I know this site deals with diecast of the automotive variety, but I thought I’d test the waters with a diecast airplane.
Back in the early 2000’s, several diecast companies released a few series of diecast airplanes and tanks, focusing mostly on a World War 2. One of those companies was Matchbox.
Although initial designs would start as early as 1931, it wasn’t until 1936 that the Supermarine Spitfire would be introduced. It went into service 4 August, 1938 and shared fighter duties with the Hawker Hurricane. During the Battle of Britain, the Spitfire showed just how good of an aircraft it was by dessimating the German fighters and bombers. It also proved it was a better aircraft than the Hurricane with its faster top speed, more rugged structure and better maneuverability. With it’s two then later, four 7.7 mm browning guns, the Spitfire tore through wave after wave of Me109s and Junkers Ju82s and, with some creative radio broadcasting, was able to convince the Nazi high command that there were fewer RAF fighters being shot down than was true and thus, stopped the bombing campaign against Britain, making the Spitfire the de facto superior pursuit fighter of the RAF.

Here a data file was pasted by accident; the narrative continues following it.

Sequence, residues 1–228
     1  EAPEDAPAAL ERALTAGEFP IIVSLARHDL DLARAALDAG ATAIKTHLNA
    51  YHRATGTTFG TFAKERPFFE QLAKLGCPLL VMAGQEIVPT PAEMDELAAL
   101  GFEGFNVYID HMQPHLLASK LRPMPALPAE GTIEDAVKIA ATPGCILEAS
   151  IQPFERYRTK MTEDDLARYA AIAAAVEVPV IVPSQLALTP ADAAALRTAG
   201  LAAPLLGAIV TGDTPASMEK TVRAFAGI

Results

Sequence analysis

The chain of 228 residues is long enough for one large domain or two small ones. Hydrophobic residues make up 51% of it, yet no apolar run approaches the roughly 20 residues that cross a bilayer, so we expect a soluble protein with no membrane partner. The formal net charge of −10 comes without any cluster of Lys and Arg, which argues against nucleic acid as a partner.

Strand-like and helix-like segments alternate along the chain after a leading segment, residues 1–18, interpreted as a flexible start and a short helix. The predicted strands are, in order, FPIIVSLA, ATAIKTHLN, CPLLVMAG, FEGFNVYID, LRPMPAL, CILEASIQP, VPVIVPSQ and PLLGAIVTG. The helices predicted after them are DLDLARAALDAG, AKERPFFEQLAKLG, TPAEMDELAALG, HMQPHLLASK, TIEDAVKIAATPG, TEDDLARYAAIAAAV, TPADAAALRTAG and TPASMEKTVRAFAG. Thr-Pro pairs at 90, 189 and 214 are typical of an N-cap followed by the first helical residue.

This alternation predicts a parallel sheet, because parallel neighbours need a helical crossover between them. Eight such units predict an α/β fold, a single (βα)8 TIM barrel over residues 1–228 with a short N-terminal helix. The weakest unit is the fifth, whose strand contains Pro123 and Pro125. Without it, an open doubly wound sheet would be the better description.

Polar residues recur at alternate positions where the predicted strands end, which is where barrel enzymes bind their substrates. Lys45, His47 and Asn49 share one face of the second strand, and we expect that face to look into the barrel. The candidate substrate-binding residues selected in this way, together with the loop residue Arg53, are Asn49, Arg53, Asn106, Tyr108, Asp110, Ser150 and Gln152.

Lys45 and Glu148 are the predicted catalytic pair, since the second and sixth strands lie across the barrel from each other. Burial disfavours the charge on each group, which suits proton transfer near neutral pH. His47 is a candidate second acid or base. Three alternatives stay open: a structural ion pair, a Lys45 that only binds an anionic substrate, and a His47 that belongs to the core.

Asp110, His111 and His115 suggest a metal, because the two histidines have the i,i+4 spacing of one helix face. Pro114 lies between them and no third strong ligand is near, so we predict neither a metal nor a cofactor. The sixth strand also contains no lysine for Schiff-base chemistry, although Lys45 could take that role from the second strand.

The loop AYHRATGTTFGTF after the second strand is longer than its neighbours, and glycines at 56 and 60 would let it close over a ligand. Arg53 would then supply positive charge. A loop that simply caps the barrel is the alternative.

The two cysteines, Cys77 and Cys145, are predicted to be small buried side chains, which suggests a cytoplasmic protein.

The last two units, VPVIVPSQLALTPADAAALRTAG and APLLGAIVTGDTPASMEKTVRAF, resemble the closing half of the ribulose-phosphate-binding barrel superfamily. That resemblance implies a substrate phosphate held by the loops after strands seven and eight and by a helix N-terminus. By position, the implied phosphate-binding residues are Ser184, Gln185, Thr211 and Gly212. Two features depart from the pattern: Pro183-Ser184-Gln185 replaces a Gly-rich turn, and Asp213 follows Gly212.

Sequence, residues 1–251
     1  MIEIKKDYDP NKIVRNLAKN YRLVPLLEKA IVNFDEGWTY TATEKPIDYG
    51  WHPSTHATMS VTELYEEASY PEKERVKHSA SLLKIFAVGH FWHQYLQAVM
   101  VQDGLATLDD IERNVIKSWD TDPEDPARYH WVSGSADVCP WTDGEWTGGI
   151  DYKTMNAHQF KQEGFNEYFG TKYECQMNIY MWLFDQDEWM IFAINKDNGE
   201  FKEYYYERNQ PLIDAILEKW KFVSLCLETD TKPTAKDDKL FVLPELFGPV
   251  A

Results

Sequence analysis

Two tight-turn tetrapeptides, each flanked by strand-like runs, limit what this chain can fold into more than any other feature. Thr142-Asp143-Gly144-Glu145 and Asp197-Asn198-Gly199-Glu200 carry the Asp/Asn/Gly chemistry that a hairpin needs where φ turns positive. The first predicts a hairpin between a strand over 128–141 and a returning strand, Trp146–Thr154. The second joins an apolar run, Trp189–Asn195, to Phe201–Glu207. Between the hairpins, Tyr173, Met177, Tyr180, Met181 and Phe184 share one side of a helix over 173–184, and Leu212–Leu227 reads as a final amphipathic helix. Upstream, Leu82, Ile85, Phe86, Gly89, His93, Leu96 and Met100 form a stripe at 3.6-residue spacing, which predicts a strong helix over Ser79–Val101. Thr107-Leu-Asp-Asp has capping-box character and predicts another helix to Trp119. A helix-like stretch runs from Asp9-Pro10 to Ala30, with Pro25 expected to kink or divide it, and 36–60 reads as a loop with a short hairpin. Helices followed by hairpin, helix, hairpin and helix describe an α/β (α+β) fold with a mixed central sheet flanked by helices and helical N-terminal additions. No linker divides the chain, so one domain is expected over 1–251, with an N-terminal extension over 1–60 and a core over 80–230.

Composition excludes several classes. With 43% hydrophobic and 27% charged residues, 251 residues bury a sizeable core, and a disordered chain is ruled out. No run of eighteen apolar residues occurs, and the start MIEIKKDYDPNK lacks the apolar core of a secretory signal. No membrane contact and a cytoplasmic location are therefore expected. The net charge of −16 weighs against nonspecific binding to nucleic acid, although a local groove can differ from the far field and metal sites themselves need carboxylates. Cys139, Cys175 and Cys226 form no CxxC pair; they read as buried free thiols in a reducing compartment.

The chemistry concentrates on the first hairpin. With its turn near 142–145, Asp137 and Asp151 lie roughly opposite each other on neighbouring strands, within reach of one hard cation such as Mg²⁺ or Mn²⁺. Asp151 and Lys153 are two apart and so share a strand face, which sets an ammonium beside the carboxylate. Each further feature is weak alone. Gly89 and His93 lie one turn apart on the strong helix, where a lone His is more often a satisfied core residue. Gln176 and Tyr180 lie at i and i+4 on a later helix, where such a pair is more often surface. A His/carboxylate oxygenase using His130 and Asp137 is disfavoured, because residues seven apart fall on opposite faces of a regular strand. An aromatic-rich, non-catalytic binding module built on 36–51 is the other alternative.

This model by MBX is highly detailed representing accurate camouflage and RAF markings, QV putting it in 19 Squadron aircraft K.
The actual aircraft:
Supermarine Spitfire Mk IA, P9368 ‘QV-K’, of No. 19 Squadron RAF, being rearmed between sorties at Fowlmere, Cambridgeshire. P9368 was often flown by the Commanding Officer, S/L B J E ‘Sandy’ Lane, and was also the preferred aircraft of ‘A’ Flight commander F/L W J ‘Farmer’ Lawson.
Created to 1:72 scale, the whole of the aircraft is diecast with the propellor, antennae, canopy and rear landing gear being molded plastic. MBX really outdid themselves in this series what with exhaust scuffing and burns from the wing-mounted guns and the casing outlets. They have even included the green and red navigation lights on the wing tips and fuselage.
Let me know if you’d like to see more of these as I have several.